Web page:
Sussex Diary: Found

I've mentioned the Sussex Weald before and how it isn't conducive to ideal trout habitat. Rivers in the Weald flow over clay and soft sand and their sediment gives the water a brown tinge. They are sinuous threads, flowing unhurriedly, with high banks cut through time. If you blink, you could miss them in the landscape.

I have been searching high and low for trout close to where I live in the Weald. I had almost given up, but then I struck gold. It wasn't easy. The club has no website or online presence but with some Poirot-esque investigation I reached the right people and am now the club's newest member. It dawned on me that I haven't been a member of a fishing club for 22 years. It feels rather nice to have a new fishing 'home' again.

Wednesday, 9 June.

I made my first visit with a fly rod yesterday evening. I left home at 7pm, fished for 90 minutes, and was home just before dark. It felt wondrous to fish long into the cool evening for the first time in ages. The intensity of the visit - done and dusted in a heartbeat - was quite novel and refreshing too. I'm accustomed to travelling much greater distances to go fishing, spending time on the road that only lends itself to day-long campaigns. I'm usually in the car travelling home by 6.30pm so I have little prior experience of fishing at dusk. 

First glimpse

Quite pleasingly I seemed to have the river to myself. From my vantage high on the bank I spotted a fish rising in only the second pool from the car park. Access to the water is difficult and achieved by clambering down and up the riverbanks with the aid of strategically placed ropes and ladders. I found a rope in the grass, shinnied down the bank, and entered the water. I had temporarily lost sight of the fish around a near 90° bend, which I was using to mask my approach. The water was deep and as I manoeuvred into a position to launch a cast, water nearly billowed over the top of my chest waders. I glacially crept around the bend. Good, the trout was still rising. I cast a parachute Adams into the bubble line and the trout gently sipped in the fly. I struck... into nothing! Had the trout been spooked? I couldn't tell, so I cast the fly into the same place. Once more, a boil of water engulfed the fly and I hung on a fraction longer before striking. The trout was feisty and once netted, I noticed it was a gorgeous shade of golden yellow with a profusion of cherry red spots. A perfect wild specimen. I'd be a happy man to catch trout such as this for the rest of my time. It was a very propitious start to my new union with the club.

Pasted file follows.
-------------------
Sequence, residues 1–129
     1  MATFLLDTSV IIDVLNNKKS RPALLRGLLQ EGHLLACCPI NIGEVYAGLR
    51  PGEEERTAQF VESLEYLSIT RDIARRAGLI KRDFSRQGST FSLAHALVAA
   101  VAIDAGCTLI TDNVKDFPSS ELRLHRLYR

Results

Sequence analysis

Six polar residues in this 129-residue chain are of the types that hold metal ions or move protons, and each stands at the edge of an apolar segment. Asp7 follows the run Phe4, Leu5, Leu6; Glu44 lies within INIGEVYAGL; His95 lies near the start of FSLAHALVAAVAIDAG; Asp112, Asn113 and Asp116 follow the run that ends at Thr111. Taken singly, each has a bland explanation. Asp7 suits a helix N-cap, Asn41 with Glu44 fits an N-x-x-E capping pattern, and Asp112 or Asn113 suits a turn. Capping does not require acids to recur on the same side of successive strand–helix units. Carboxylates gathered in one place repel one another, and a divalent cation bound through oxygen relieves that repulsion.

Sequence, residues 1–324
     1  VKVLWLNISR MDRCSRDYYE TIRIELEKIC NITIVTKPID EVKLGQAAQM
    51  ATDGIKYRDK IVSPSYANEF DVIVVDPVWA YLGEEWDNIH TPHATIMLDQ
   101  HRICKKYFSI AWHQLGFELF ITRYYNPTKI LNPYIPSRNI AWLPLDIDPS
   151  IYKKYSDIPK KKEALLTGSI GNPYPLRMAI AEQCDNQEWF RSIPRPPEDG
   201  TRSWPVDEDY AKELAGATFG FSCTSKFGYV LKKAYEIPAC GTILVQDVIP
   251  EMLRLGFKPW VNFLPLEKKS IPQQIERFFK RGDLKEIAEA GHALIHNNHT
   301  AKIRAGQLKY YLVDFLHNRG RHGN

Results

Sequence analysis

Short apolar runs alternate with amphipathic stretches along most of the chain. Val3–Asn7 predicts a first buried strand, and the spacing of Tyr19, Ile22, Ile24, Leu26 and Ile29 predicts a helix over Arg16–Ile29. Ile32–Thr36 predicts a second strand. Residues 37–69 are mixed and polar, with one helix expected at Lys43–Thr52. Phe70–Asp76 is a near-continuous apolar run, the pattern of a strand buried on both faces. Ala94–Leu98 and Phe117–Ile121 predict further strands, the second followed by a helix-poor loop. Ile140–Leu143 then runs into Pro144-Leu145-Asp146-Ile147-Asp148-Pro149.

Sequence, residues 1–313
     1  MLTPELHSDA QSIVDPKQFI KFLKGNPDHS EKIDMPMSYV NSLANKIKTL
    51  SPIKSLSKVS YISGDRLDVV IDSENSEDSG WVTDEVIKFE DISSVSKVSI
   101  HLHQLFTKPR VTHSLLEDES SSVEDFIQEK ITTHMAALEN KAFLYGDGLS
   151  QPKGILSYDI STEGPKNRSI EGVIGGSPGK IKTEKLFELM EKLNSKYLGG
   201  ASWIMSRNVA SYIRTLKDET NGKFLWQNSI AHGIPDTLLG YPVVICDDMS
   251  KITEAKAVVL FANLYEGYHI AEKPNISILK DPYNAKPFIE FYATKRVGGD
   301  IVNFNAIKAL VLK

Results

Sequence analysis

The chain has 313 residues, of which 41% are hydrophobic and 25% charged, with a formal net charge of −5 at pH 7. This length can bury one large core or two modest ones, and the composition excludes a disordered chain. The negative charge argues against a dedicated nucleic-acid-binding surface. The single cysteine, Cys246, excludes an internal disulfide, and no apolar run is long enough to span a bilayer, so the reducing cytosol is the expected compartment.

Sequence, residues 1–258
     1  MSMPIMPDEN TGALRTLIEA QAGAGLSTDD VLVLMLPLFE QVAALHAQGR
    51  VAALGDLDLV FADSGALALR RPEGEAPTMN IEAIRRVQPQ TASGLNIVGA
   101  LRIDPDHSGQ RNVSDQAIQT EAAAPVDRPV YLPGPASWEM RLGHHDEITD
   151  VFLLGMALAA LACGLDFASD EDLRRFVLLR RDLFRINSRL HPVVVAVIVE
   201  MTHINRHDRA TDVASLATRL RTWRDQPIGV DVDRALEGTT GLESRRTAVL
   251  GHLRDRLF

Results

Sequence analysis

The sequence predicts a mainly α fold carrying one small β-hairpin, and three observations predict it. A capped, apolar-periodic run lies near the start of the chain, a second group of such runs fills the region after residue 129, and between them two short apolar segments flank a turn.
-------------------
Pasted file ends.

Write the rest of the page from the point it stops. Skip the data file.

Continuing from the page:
I exited the pool in ungainly fashion, pulling myself up the bank by grabbing fistfuls of grass. A little way upriver I came to an artificial weir and in the backed-up flow above the barrier, I witnessed a trout rising against the true right bank. Down the bank I slid, then into the water, cursing the bow waves I was sending upstream. When the waves dispersed the trout rose again, unperturbed, and then it rose to my parachute Adams. I fluffed the strike once again. I was using my 6' Hardy Flyweight rod after a long hiatus, and wasn't quite in tune with its action yet. The trout continued feeding so I cast to it once more, muttering under my breath to remember to praise the Queen if it took my fly. Up it came, and this time I set the hook. It was also a lively trout. In the furious throes of its quest for freedom its tail splashed water into my eyes as I went to net it. 

The light was steadily fading and the air growing cool. I was treated to a final flourish of birdsong before roosting. I thought I saw a rise, but it was something dropped by a squirrel in the branches of a tree above the water. I watched it cross to a tree on the opposite bank and then drink water from the river's edge, before heading back over the river again. I located two other rising fish, but my seemingly perfect casts were received poorly and both fish never rose again.  

As I removed my waders in the carpark, I heard a trout rise in the pool downstream of the road. I looked up to see the dissipating rings of its rise. We may meet in future. In that moment, there was something really satisfying in knowing that trout rise in a river so near to my home. And I had found them.